Tempest in a teapot

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Carl Guttenberg's 1778 Tea-Tax Tempest, with exploding teapot

Tempest in a teapot (American English), or storm in a teacup (British English), is an idiom meaning a small event that has been exaggerated out of proportion. There are also lesser known or earlier variants, such as tempest in a teacup, storm in a cream bowl, tempest in a glass of water, storm in a wash-hand basin,[1] and storm in a glass of water.

Etymology[edit]

Cicero, in the first century BC, in his De Legibus, used a similar phrase in Latin, possibly the precursor to the modern expressions, Excitabat enim fluctus in simpulo ut dicitur Gratidius, translated: "For Gratidius raised a tempest in a ladle, as the saying is".[2] Then in the early third century AD, Athenaeus, in the Deipnosophistae, has Dorion ridiculing the description of a tempest in the Nautilus of Timotheus by saying that he had seen a more formidable storm in a boiling saucepan.[3] The phrase also appeared in its French form une tempête dans un verre d'eau ('a tempest in a glass of water'), to refer to the popular uprising in the Republic of Geneva near the end of the eighteenth century.[4]

One of the earliest occurrences in print of the modern version is in 1815, where Britain's Lord Chancellor Thurlow, sometime during his tenure of 1783–1792, is quoted as referring to a popular uprising on the Isle of Man as a "tempest in a teapot".[5] Also Lord North, Prime Minister of Great Britain, is credited for popularizing this phrase as characterizing the outbreak of American colonists against the tax on tea.[6] This sentiment was then satirized in Carl Guttenberg's 1778 engraving of the Tea-Tax Tempest (shown above right), where Father Time flashes a magic lantern picture of an exploding teapot to America on the left and Britannia on the right, with British and American forces advancing towards the teapot. Just a little later, in 1825, in the Scottish journal Blackwood's Edinburgh Magazine, a critical review of poets Hogg and Campbell also included the phrase "tempest in a teapot".[7]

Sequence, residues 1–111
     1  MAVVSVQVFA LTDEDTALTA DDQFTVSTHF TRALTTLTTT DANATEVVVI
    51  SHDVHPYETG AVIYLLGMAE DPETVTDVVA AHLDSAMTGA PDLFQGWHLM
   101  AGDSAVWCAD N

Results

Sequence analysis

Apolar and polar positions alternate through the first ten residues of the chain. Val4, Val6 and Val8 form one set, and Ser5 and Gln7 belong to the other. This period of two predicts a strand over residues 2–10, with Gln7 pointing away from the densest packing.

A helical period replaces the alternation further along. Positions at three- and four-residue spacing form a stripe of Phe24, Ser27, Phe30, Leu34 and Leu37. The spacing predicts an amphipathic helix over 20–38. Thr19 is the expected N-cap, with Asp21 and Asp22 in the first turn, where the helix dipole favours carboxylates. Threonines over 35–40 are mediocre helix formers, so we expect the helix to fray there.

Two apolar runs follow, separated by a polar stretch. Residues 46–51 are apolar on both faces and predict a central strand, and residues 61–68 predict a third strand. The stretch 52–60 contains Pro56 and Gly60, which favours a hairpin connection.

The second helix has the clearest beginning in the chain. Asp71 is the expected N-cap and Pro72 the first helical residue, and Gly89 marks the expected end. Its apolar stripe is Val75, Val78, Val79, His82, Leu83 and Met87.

The first recorded instance of the British English version, "storm in teacup", occurs in Catherine Sinclair's Modern Accomplishments in 1838.[8][9] There are several instances though of earlier British use of the similar phrase "storm in a wash-hand basin".[10]

Other languages[edit]

A similar phrase exists in numerous other languages:

  • Arabic: زوبعة في فنجانzawba'a fi finjan ('a storm in a cup')
  • Bengali: চায়ের কাপে ঝড় cha-er cup-e jhor ('storm in a teacup')
  • Bulgarian: Буря в чаша вода burya v chasha voda ('storm in a glass of water')
  • Chinese: 茶杯裡的風波、茶壺裡的風暴 ('winds and waves in a teacup; storm in a teapot')
  • Czech: bouře ve sklenici vody ('a storm in a glass of water')
  • Danish: en storm i et glas vand ('a storm in a glass of water')
  • Dutch: een storm in een glas water ('a storm in a glass of water')
  • Esperanto: granda frakaso en malgranda glaso ('a large storm in a small glass')
  • Estonian: torm veeklaasis ('storm in a glass of water')
  • Filipino: bagyo sa baso ('typhoon in a teacup')
  • Finnish: myrsky vesilasissa ('storm in a glass of water')
  • French: une tempête dans un verre d'eau ('a storm in a glass of water')